David Bourget (Western Ontario)
David Chalmers (ANU, NYU)
Rafael De Clercq
Jack Alan Reynolds
Learn more about PhilPapers
Radical Philosophy Today 3:33-44 (2006)
Drawing on several recent studies, and a few personal interviews with leadership, the author reviews the history (1937-1968) of the United Packinghouse Workers of America (UPWA) in order to demonstrate how this Chicago-based labor movement exemplified radical commitments to social welfare and civil rights, in addition to more traditional concerns with pay and other shopfloor issues. Not only did the union have significant membership among African-American workers, but it also undertook active programs of anti-racism in order to fight racial discrimination with its own ranks. The union also resisted much of the anti-communist politics of the post-Cold War era, resulting in a tradition of racial commitments to “social unionism.” For example, this was one of the first unions to offer financial support to the Southern Christian Leadership Conference soon after the civil rights organization was founded by Dr. Martin Luther King, Jr
|Keywords||No keywords specified (fix it)|
|Categories||categorize this paper)|
Setup an account with your affiliations in order to access resources via your University's proxy server
Configure custom proxy (use this if your affiliation does not provide a proxy)
|Through your library|
References found in this work BETA
No references found.
Citations of this work BETA
No citations found.
Similar books and articles
Neil Redfern (2002). A British Version of "Browderism": British Communiste and the Teheran Conference of 1943. Science and Society 66 (3):360 - 380.
Theresa Richardson (2000). Moral Imperatives for the Millennium: The Historical Construction of Race and Its Implications for Childhood and Schooling in the Twentieth Century. Studies in Philosophy and Education 19 (4):301-327.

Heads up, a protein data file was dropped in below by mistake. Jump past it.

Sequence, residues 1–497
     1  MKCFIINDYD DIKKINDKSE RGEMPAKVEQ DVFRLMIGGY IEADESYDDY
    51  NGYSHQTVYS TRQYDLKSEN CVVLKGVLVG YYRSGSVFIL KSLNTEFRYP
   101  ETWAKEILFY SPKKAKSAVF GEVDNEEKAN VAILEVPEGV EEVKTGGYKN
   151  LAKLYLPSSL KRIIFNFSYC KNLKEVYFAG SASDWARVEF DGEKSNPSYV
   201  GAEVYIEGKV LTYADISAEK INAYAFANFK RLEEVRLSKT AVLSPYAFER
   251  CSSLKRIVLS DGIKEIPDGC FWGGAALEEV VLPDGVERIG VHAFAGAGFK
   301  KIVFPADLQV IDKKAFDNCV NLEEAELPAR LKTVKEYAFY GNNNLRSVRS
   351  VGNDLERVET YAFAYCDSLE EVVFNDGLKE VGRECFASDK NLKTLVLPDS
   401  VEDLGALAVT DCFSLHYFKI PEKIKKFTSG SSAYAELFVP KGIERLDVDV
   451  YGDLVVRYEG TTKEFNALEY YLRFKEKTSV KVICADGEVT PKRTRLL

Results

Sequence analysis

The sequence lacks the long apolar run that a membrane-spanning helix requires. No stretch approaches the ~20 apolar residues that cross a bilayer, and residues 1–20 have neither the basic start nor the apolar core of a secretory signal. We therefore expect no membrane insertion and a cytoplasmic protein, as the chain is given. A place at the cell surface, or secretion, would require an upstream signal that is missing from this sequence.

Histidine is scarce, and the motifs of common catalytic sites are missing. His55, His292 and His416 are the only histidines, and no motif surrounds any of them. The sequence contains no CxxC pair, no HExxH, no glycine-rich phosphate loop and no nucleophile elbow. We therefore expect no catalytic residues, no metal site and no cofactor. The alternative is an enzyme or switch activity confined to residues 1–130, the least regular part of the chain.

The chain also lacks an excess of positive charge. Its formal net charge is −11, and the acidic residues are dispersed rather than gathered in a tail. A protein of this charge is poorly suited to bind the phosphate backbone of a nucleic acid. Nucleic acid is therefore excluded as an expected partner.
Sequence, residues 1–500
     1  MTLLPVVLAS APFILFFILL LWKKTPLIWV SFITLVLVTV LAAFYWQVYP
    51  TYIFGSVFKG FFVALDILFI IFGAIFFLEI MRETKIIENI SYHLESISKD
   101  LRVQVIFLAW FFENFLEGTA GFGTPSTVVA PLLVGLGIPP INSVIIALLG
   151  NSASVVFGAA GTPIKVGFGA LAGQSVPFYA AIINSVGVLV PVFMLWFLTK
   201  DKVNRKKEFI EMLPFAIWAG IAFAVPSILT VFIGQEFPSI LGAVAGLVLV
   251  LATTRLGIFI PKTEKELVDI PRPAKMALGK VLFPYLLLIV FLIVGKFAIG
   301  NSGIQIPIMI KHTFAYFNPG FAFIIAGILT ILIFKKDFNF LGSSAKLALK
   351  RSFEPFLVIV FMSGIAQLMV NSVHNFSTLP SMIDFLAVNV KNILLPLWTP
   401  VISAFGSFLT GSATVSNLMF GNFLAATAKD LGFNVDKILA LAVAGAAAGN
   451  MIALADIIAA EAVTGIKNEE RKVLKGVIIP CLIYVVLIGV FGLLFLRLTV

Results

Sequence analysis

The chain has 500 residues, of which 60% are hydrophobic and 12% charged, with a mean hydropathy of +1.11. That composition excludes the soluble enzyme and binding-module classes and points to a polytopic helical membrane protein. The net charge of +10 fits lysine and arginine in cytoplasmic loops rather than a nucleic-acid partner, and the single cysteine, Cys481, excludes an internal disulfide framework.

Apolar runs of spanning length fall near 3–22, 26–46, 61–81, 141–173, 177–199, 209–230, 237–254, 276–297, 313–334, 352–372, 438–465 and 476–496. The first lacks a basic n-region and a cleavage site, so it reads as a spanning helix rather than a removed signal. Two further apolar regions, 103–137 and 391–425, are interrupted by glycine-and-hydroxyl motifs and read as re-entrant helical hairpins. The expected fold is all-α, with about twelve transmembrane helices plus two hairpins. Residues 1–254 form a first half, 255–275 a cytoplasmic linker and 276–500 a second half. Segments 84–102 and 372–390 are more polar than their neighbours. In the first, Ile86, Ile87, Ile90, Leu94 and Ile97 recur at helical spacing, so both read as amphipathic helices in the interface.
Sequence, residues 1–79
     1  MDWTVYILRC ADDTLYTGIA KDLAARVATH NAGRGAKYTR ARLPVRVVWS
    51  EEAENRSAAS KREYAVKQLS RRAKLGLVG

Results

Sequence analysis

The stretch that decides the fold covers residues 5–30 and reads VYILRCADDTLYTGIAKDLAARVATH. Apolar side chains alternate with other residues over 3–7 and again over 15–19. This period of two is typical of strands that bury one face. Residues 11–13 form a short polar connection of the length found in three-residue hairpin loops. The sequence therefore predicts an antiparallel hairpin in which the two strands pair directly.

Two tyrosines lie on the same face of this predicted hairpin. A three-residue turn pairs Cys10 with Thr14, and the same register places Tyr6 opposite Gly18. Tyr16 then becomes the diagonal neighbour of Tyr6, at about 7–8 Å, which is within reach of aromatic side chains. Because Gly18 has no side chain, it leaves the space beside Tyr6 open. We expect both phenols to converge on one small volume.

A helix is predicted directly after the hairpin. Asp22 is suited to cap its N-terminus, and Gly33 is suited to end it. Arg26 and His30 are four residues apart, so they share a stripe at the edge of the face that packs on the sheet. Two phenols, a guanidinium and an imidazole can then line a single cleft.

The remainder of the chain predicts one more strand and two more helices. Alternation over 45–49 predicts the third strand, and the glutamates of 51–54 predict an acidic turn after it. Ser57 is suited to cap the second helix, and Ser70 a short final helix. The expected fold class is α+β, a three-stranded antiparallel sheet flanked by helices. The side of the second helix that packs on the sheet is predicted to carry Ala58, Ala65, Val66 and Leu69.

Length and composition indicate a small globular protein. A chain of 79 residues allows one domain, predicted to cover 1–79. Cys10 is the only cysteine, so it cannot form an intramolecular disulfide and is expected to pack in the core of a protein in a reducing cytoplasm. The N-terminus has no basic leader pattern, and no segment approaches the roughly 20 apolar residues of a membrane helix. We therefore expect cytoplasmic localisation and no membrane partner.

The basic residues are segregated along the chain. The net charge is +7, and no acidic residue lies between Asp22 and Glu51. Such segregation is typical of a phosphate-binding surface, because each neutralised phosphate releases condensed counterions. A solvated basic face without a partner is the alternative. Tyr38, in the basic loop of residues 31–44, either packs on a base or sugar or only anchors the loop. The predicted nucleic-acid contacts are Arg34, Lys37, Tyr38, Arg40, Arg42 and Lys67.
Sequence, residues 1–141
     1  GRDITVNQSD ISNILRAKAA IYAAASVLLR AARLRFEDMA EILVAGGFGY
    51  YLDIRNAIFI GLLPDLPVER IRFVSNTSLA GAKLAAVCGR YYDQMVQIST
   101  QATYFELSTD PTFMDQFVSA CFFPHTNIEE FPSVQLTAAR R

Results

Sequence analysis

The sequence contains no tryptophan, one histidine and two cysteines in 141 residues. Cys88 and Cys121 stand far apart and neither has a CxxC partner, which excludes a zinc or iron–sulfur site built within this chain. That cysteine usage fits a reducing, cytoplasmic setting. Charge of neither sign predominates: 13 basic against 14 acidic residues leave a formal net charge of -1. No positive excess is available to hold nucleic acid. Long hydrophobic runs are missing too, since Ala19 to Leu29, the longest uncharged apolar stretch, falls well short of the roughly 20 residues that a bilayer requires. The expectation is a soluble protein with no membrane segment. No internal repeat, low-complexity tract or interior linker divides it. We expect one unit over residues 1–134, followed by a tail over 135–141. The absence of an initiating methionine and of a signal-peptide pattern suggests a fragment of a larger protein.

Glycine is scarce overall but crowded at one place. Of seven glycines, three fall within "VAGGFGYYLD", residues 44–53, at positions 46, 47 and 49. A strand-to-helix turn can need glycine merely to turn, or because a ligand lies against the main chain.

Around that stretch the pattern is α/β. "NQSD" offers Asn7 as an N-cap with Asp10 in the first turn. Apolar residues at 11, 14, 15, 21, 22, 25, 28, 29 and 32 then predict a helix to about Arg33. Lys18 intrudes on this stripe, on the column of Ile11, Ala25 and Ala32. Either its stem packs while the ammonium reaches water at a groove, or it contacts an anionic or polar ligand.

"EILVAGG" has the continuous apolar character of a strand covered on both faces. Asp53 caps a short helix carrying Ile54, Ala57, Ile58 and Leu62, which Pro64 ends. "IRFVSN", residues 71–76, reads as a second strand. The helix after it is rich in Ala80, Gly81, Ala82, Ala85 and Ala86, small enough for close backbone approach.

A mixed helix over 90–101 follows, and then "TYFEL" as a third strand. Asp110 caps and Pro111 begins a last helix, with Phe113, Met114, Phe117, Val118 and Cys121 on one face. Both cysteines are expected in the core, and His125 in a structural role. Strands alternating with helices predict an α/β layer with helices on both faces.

Joshua Glasgow, Julie L. Shulman & Enrique G. Covarrubias (2009). The Ordinary Conception of Race in the United States and Its Relation to Racial Attitudes: A New Approach. Journal of Cognition and Culture 9 (1):15-38.
Cedric Dawkins (2010). Beyond Wages and Working Conditions: A Conceptualization of Labor Union Social Responsibility. [REVIEW] Journal of Business Ethics 95 (1):129 - 143.
Albert A. Blum (1988). Negotiations Needed in South Africa: Lessons to Be Learned From Labor. Journal of Business Ethics 7 (12):933 - 939.
Xiaomin Yu (2009). From Passive Beneficiary to Active Stakeholder: Workers' Participation in CSR Movement Against Labor Abuses. [REVIEW] Journal of Business Ethics 87 (1):233 - 249.
Gary Chartier (2008). Sweatshops, Labor Rights, and Comparative Advantage. Oregon Review of International Law 10 (1):149--188.
Richard Marens (2004). Waiting for the North to Rise: Revisiting Barber and Rifkin After a Generation of Union Financial Activism in the U.S. Journal of Business Ethics 52 (1):109-123.
Xiaomin Yu (2008). Impacts of Corporate Code of Conduct on Labor Standards: A Case Study of Reebok's Athletic Footwear Supplier Factory in China. [REVIEW] Journal of Business Ethics 81 (3):513 - 529.
Tom Jeannot (2007). 4. Marx, Capitalism, and Race. Radical Philosophy Today 2007:69-92.
Hobart A. Spalding (1992). The Two Latin American Foreign Policies of the U.S. Labor Movement: The AFL-CIO Top Brass Vs. Rank-and-File. Science and Society 56 (4):421 - 439.
Kevin Anderson (2010). Marx at the Margins: On Ethnicity, Nationalism, and Non-Western Societies. The University of Chicago Press.
Added to index2011-12-02
Total downloads4 ( #254,771 of 1,101,138 )
Recent downloads (6 months)3 ( #116,107 of 1,101,138 )
How can I increase my downloads?